Void was incredibly efficient. It quickly showed Bee each of the critical factors of the room, then went to move out. She limped slightly after it. Her leg was healed, for the most part. But the healing was still fresh, and following Void for an extended period reminded her of that fact. It only twinged sometimes now. She was starting to regret not bringing her stick with her. It would have been able to provide her with a lot of relief. She could still feel the ointment working, but it would likely take until evening for her to feel 100% better. Still, her recovery had gone much faster than she’d hoped.
Bee stopped walking for a second. She hadn’t really had a chance to consider the ramifications of what she had done yet. She was using magic! And not just basic magic, but healing magic! Something that she never thought she would do, especially after how the mages had treated her. Most common people never learned magic at all. The few that did just mixed simple recipes using readily available ingredients that did little more than heat the stove quicker. She was in a castle stocked for a college of mages and taught by a near-omnipotent being. Bee let a shiver of pride go through her. But it was quickly cut short as Void beeped at her to hurry up. She quickened her pace towards its waiting figure in the entryway.
Bee was greeted with a similar tour of the lesser demon room, complete with a familiarly powder-free floor. When they entered, she looked carefully at each cage; every one was empty. She guessed that all those were released over the last couple of days. After their magic was no longer suppressed, the metal cages wouldn't be able to hold them for long. She knew that Void had killed at least two of them but had no idea how many it got when hunting. It very well could have gotten all of them. Either way, she had no way of knowing how many of these cages originally contained a demon. However, she was confident she’d be able to handle at least one lesser demon on her own soon. At least with her newly recovered mobility and the recipes, she planned to try out.
Her confidence lasted until the next room. This was a specialty room with rather large cages, casually referred to as the “dust devil room”. The cages held what looked to be collections of rocks and sand. Bee noticed some of the barrel-sized piles moving. That was not good. These might not be as powerful as the water demons, but they could survive outside their containment. So these cages were reinforced thoroughly, with the summoning protections being much more intricate.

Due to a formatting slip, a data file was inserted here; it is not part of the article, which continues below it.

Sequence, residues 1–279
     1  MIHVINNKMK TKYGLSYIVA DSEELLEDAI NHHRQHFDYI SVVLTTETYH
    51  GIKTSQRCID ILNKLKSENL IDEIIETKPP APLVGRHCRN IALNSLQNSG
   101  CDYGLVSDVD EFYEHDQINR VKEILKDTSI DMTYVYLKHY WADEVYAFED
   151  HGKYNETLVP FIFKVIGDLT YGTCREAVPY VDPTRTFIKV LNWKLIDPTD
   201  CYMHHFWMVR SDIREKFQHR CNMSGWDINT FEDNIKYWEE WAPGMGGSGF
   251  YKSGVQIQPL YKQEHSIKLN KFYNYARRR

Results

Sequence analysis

Or they were more intricate. Now the extra protections were missing, of course. She just hoped that Void wasn't about to take her to the fire or wind sections next. Earth was one thing, but the fire could burn down the castle. An air demon would likely leave the region and start terrorizing the countryside. Earth would probably stay and make her life a living hell, but Void could, without a doubt, take care of it. Her only concern was running into one alone.
Bee’s stomach started to betray her mid-lesson. It had been a long time since she ate the last of her food, and she still hadn't had a good night's sleep or a full meal in over a week. She had filled up her wineskin with water recently, but that was almost empty again. Now that she was relatively safe, her body was making all of its needs known. At least she was hydrated and rested enough to ignore those feelings for a while longer. However, her stomach didn’t let up. It seemed to know that there was a perfectly good kitchen full of delicious food around the corner, and it didn’t want to fast if it didn’t have to. Her stomach made its point emphatically. She fought with it the entire time Void showed her the dust devil room. But she kept getting distracted and missing some critical parts of the protections to the point that she almost tripped over one of the cages.
Void made to leave, presumably to show her something else. She decided she was going to speak up and risk Void’s displeasure. If it wouldn't let her eat and drink, she wasn't long for this world anyway. Judging from the pillow, she would be surprised if Void had a problem with it. At least that was what she told herself to muster her courage, but still. Disappointing it might be just as bad.
“If you don't mind, master. Could we please make a stop in the kitchens? My water skin is almost empty, and I would like to get some food. I haven't eaten for a long time. And the thought of even some dried meat has my….”